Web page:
Cyclists to ride to Statue of Liberty in support of immigrants

  • The Statue of Liberty is seen from Battery Park in the Manhattan borough of New York, Jan. 26. AP PHOTO

For the Gazette
Published: 4/10/2019 8:49:45 AM

NORTHAMPTON — A group of local cyclists are ready to pedal from Northampton to the Statue of Liberty in support of immigrants and refugees.

Taking off from the Pioneer Valley Workers Center on Saturday at 9 a.m., the cyclists will make two stops, in Torrington, Connecticut and Yorktown Heights, New York, respectively, on their 170-mile journey. The ride is intended to raise awareness and funds for immigrant rights and asylum seekers on local and national levels.

Katie Joyce, a teacher at the elementary school in Williamsburg, helped organize the Liberty Bike Ride after hearing about the government’s handling of immigrants on the southern border.

“The treatment of asylum seekers at our southern border is devastating, and I wanted to organize an event that would bring more attention to what is happening and raise funds for a local non-profit,” said Joyce.

The group chose the Statue of Liberty as a destination for its history as a symbol of welcome and hope for immigrants.

The landmark has served as “a welcoming symbol of hope that has greeted so many of our parents and grandparents for over a century,” a press release about the bike ride said. “We believe that new arrivals in America should be treated with dignity, kindness, and open hearts.”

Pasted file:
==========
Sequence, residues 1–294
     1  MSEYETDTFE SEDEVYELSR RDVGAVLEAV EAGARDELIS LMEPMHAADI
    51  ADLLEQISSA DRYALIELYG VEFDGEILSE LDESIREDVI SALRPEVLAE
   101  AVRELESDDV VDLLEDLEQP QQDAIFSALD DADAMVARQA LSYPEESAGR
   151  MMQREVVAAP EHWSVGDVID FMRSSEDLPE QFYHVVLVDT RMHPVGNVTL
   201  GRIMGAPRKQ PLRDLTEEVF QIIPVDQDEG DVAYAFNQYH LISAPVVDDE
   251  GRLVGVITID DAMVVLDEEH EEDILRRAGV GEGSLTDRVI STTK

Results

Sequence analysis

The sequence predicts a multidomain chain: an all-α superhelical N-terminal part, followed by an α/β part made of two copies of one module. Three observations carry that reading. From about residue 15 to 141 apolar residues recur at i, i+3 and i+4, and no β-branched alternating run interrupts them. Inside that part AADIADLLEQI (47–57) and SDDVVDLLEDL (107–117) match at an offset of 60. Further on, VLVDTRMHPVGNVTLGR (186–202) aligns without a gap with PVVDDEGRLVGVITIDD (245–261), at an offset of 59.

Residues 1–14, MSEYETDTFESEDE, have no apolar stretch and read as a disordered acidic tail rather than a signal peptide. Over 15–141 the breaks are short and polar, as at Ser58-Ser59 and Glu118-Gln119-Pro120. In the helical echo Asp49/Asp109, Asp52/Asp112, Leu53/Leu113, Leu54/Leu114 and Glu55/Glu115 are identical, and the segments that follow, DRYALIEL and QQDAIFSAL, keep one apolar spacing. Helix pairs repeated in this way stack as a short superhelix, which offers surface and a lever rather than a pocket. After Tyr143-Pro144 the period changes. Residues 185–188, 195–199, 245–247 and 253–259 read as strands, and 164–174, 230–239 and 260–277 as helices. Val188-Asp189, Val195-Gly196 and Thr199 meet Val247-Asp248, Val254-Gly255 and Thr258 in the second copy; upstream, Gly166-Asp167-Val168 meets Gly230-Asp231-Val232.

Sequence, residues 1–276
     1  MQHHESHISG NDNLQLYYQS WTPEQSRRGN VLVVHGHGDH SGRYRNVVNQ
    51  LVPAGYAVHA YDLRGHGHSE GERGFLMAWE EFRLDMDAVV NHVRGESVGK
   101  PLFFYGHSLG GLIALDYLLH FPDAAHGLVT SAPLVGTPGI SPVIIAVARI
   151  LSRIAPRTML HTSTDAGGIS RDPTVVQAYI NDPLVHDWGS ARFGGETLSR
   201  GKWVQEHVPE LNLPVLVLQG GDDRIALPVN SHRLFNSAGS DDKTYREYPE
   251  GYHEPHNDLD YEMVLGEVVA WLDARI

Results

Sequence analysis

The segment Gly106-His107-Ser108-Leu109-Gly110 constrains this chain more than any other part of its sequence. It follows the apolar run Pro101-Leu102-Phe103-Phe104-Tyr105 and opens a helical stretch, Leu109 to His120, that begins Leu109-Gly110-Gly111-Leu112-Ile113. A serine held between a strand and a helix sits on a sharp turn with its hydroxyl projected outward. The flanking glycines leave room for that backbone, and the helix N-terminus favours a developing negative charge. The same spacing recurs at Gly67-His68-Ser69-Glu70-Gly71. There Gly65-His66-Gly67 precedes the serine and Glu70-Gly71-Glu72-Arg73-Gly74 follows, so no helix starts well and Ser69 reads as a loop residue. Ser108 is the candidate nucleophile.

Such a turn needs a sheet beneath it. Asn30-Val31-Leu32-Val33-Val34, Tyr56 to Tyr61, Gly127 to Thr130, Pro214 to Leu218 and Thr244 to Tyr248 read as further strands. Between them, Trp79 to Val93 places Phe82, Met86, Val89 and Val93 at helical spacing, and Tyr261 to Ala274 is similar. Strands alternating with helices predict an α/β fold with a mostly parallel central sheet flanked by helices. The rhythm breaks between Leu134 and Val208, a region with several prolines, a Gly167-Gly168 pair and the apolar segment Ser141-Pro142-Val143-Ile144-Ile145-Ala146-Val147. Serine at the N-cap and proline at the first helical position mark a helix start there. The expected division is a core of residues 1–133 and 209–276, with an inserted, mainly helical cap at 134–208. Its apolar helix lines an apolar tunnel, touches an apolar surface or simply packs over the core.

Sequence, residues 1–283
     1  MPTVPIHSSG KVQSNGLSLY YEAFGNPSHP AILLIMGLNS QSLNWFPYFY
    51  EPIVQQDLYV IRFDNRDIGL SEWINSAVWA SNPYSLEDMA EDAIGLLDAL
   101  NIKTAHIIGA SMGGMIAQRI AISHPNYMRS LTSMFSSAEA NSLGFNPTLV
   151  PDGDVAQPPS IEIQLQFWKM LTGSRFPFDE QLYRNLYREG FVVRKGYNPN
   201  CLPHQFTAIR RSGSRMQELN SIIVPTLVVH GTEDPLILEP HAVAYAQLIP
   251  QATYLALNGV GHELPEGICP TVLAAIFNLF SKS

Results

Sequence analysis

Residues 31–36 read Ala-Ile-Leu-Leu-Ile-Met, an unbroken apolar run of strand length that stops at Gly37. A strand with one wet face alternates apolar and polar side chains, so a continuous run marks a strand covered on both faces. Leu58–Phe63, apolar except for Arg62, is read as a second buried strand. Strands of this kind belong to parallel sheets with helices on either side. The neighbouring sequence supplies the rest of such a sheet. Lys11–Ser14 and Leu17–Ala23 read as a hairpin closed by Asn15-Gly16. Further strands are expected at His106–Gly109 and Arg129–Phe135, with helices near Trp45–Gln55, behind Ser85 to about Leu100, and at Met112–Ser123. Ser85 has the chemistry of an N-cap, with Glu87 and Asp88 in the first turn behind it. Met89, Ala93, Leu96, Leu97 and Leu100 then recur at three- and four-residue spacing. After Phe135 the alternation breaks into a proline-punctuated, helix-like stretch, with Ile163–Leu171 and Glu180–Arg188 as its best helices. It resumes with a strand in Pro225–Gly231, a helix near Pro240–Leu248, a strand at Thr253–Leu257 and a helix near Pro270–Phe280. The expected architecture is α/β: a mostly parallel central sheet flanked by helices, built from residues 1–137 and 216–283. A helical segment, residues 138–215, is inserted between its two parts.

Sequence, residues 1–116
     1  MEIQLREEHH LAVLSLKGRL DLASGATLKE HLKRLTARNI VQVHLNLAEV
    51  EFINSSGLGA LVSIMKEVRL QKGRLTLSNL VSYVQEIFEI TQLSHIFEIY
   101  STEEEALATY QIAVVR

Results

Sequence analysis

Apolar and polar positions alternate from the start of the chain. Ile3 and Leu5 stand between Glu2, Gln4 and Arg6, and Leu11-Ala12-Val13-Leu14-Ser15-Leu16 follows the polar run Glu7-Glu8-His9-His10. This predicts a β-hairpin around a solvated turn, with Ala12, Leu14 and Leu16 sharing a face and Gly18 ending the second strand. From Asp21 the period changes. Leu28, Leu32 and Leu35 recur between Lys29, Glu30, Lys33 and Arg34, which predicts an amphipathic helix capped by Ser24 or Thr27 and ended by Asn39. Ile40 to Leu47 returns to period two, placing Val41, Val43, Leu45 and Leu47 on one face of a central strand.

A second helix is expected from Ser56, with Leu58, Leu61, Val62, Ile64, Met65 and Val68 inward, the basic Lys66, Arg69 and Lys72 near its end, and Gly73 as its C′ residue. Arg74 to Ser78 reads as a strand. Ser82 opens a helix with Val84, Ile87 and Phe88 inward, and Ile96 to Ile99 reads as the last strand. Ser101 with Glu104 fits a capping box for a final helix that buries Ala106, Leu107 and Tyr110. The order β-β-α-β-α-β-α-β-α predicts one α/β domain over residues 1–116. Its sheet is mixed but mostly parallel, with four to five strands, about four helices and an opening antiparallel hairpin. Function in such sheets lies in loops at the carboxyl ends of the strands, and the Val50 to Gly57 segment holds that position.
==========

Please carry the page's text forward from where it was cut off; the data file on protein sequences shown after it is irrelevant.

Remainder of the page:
The Liberty Bike Ride has raised $10,250 as of this week, surpassing their $10,000 goal. All donations will go to the Pioneer Valley Workers Center, a non-profit in Northampton that supports low wage and immigrant workers in western Massachusetts.

Over 20 people have signed up to take the journey. Cyclists of all abilities are welcome to join, and there will be a vehicle with the group assisting those that need help.

The group will ride approximately 60 miles per day at a relaxed pace, reaching New York City on April 15. Friends of the Liberty Bike Riders will drive to the Statue of Liberty to meet the group and bring them back to Northampton. Cyclists can also take public transportation back home.

According to Joyce, members of the local community, even those not riding, have joined together to support the cause.

“Many of my friends immediately volunteered to help organize the ride by designing T-shirts, offering their space for meetings, and asking for food donations,” Joyce said. “As we talked to more people, it became clear that immigrant rights are a concern in many people's hearts right now.”


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